Posts tagged ‘Global Studies’
Thirteen alumni successfully completed law school to earn their Juris Doctorates during the past two spring semesters, and a 14th is on track to graduate in December. They are:
2020—Waleisha Moat ’15 (Widener University Commonwealth Law School); Kaleigh Hoover Ryder ’17 (Widener University Commonwealth Law School); Paul Markovits ’17 (Widener University Delaware Law School); Samuel E. “Trey” Manning III ’17 (Pennsylvania State University Dickinson School of Law); Giovanna “Gio” Ortiz Brackbill ’16 (Pennsylvania State University Dickinson School of Law); and Anastasia “Anna” Maxwell ’17 (Drexel University Thomas R. Kline School of Law).
2021—Caitlin Dryden ’18 (Drexel University Thomas R. Kline School of Law); Adam Filbert ’18 (Drexel University Thomas R. Kline School of Law); Ryan Kingshill ’17 (Pennsylvania State University Dickinson School of Law); Andrew Luch ’18 (Widener University Commonwealth Law School); Cooper Gerus ’17 (University of Baltimore School of Law); Deanna Berish ’12 (Santa Clara University School of Law); Cassidy Decosmo ’18 (Duquesne University School of Law); and William J. Rice ’06 (December, Georgetown University Law Center).
Dr. Jörg Meindl, associate professor of German and global studies, presented at the annual convention of the American Council on the Teaching of Foreign Languages in Washington, D.C., last week. His presentation, “Teaching Intercultural Competence with Authentic Materials, reflected his approach to teaching without a textbook and exposing students to the diversity of the German language. At the convention, Meindl also met with his colleagues on the FL-A-CH committee, which wants to raise awareness of German-speaking cultures in Liechtenstein, Austria, Switzerland, Luxembourg, Belgium, and Italy.
Dr. Chris J. Dolan, professor of politics and global studies, published “Voters prefer domestic issues, but Democratic candidates should make the case for foreign policy, too” in The Hill in July. Among other points, Dolan notes that “the U.S. role in the world should be consequential to American voters because the U.S. wields so much global influence.”
Dr. Chris J. Dolan, professor of politics and global studies, was awarded a Fulbright Scholar grant from the U.S. State Department and U.S. Embassy in Pristina, Kosovo. The Fulbright, for teaching and research, runs from February to July 2020 and will be hosted by the University of Pristina. Dolan will work with U.S. foreign service officers in the public diplomacy section at the U.S. Embassy and with the chair of Pristina’s Political Science Department, Professor Arben Hajrullahu. In addition to teaching a course on world politics, Dolan will conduct research on the consequences of NATO expansion and the future of the transatlantic alliance as the U.S. pivots to Asia. This is a follow-up to his 2018 book on President Obama’s foreign policy, “Obama and the Emergence of a Multipolar World Order: Redefining U.S. Foreign Policy.”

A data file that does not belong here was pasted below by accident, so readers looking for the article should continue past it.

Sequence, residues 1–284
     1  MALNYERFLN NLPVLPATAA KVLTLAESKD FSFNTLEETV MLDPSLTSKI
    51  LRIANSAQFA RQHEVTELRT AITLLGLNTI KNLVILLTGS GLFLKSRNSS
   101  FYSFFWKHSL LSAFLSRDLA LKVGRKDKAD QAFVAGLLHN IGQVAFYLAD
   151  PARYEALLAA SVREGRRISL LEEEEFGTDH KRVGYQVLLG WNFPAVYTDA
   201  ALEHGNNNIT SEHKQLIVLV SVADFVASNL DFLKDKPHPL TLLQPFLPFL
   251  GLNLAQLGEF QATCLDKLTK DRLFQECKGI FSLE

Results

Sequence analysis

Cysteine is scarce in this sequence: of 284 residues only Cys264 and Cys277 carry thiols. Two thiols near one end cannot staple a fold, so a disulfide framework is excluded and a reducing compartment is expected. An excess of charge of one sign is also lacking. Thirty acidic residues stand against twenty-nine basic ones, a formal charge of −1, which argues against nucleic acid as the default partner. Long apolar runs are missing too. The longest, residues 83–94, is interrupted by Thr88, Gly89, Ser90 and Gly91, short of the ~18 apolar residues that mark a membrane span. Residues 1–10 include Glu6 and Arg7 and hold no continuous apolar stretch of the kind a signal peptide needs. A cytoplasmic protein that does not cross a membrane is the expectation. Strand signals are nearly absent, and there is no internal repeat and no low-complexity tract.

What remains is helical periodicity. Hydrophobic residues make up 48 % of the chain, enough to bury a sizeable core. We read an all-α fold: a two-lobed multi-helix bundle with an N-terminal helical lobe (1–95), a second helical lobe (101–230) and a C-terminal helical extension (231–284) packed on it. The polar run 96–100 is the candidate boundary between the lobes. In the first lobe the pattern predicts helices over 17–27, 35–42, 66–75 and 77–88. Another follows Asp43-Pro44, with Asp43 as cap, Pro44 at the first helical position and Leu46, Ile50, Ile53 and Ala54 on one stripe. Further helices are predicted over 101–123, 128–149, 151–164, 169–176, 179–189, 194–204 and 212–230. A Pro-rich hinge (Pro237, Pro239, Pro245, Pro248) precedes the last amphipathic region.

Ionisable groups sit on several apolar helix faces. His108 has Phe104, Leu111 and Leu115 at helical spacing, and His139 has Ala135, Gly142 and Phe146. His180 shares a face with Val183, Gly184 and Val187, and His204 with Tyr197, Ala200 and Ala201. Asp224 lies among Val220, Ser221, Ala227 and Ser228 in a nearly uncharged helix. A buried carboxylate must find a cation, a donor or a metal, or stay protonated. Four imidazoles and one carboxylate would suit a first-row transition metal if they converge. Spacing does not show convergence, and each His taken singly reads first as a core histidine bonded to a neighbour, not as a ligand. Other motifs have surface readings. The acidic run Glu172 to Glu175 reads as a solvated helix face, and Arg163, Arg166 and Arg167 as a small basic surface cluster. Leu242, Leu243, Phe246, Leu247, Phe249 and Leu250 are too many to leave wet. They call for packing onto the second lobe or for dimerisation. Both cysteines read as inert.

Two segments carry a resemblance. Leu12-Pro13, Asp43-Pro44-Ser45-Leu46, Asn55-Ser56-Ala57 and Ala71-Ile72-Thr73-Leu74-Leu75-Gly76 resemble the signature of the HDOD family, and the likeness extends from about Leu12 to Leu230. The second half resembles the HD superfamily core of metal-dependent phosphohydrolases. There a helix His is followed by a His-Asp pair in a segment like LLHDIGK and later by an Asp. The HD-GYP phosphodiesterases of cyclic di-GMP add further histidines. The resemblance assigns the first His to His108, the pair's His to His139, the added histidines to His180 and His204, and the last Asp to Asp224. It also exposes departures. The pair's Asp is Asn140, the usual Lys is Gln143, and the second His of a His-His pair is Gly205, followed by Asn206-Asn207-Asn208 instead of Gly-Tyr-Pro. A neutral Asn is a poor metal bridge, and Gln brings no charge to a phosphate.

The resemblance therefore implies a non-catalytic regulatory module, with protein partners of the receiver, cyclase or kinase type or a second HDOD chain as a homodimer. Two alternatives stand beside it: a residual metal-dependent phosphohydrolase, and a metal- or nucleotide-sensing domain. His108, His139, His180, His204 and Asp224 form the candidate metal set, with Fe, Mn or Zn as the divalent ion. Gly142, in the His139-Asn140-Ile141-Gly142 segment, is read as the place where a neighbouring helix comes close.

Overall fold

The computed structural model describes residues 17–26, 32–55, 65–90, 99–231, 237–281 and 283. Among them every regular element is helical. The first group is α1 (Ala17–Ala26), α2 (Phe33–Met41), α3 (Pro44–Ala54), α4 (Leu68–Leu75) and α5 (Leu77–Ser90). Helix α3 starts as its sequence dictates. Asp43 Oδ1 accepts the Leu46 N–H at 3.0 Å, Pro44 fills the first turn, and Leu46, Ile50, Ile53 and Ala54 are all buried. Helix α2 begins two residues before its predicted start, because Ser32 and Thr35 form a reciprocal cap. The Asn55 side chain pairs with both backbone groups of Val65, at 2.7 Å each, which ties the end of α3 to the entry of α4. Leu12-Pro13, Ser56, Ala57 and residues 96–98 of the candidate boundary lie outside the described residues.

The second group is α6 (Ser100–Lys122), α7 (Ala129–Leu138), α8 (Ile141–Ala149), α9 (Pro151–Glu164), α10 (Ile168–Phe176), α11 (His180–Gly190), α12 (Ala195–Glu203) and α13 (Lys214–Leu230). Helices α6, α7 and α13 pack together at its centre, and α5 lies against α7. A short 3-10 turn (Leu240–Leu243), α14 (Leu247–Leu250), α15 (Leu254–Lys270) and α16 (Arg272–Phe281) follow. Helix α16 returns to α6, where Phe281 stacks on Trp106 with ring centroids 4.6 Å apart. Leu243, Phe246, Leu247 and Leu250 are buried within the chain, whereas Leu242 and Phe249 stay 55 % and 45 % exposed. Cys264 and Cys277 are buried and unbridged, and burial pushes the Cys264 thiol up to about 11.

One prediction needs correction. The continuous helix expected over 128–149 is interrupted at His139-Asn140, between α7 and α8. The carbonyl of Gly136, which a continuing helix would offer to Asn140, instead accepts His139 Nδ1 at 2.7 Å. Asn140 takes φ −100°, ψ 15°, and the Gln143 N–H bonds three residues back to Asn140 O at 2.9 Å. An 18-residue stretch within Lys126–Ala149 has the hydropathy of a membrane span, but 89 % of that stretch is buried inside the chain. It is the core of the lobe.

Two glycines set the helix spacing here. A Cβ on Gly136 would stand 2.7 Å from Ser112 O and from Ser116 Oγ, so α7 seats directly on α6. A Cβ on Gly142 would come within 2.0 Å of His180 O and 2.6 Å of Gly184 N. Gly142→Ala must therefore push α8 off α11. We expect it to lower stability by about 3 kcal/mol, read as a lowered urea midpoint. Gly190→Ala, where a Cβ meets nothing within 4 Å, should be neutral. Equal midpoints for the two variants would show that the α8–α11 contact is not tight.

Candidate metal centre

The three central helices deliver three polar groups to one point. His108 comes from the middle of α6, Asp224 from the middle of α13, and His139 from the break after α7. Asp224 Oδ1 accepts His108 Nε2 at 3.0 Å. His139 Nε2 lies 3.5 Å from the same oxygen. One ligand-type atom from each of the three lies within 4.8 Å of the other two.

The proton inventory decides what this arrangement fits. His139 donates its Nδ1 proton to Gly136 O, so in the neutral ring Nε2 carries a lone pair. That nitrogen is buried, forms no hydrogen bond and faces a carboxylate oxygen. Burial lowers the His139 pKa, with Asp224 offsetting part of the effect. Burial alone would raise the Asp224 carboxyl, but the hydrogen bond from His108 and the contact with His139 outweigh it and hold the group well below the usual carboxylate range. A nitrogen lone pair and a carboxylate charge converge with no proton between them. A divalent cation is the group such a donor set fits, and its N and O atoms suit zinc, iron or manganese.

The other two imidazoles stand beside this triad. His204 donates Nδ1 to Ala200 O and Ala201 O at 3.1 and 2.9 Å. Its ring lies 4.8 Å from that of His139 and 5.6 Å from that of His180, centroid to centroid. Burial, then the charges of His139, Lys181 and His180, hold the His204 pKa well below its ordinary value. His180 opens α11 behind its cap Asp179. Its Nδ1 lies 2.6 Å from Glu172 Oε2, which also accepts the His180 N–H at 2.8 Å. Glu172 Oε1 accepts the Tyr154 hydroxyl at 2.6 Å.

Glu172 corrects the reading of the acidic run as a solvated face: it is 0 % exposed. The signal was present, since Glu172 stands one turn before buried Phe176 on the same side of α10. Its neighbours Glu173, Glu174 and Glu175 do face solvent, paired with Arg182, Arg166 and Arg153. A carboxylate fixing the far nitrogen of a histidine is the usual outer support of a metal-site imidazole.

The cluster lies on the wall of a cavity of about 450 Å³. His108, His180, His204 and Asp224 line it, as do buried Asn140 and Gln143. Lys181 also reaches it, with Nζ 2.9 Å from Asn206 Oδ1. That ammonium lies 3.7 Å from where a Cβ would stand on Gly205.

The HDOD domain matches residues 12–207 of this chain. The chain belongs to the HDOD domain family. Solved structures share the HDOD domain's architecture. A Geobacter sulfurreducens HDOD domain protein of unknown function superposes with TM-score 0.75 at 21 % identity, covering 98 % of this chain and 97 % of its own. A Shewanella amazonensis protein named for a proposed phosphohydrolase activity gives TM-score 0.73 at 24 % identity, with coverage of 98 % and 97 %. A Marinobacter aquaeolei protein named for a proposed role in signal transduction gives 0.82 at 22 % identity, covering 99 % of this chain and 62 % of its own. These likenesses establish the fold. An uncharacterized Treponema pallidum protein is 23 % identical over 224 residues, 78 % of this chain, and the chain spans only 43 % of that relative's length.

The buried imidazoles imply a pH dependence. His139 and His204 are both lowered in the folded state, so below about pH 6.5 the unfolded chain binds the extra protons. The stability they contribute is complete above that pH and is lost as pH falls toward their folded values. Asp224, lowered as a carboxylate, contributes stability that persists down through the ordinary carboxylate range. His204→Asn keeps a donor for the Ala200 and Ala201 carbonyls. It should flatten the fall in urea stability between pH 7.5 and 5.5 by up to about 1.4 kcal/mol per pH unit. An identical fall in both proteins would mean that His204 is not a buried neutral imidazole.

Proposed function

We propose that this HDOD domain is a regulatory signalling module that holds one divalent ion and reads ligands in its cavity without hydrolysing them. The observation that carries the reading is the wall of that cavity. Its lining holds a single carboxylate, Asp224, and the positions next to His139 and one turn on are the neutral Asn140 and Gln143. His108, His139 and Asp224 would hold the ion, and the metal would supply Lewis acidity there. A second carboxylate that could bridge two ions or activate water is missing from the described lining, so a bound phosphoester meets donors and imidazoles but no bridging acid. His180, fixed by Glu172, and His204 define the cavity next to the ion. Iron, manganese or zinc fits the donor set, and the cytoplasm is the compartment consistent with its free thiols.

International publisher Rowan and Littlefield recently released Obama and the Emergence of a Multipolar World: Redefining U.S. Policy, written by Dr. Chris Dolan, chair and professor of history, politics, & global studies. In the 258-page book, Dolan “argues that critical international and domestic crises, such as the U.S. war in Iraq and the Great Recession, forced President Barack Obama to readjust U.S. foreign policy after over 70 years of American hegemony and defending the global status quo,” according to the publisher.
Dr. Chris Dolan, chair of history, politics, & global studies, published “Holding Facebook accountable” on The Hill. Dolan’s opinion piece explored the company’s response to recent news that one of their partners, a data firm, had taken advantage of the data and privacy of more than 50 million users. His book, Obama and the Emergence of a Multipolar World: Redefining U.S. Foreign Policy, will be published by Rowan & Littlefield in 2018.
Rachel Duong ’18, English and Spanish, and Shaquel Marshall ’18, global studies and sociology, won prizes at “The Examined Life: An Undergraduate Conference in the Liberal Arts,” at St. Francis University. Duong won Best Paper in Media Theory for “Social Protests in the Age of the #Hashtag,” and Marshall won honorable mention in Media Theory for “From the Black Panthers to Black Lives Matter: Social Media and Social Movements.”
Rebecca Dertinger ’19, a double major in global studies and international business who also has minors in politics and law and society, co-presented “Banning People: U.S. Refugee Policy from Obama to Trump,” in Philadelphia Nov. 10. She co-authored the collaborative research paper with Dr. Chris Dolan, chair of history, politics, and global studies, and together they presented at the Northeastern Political Science Association meetings.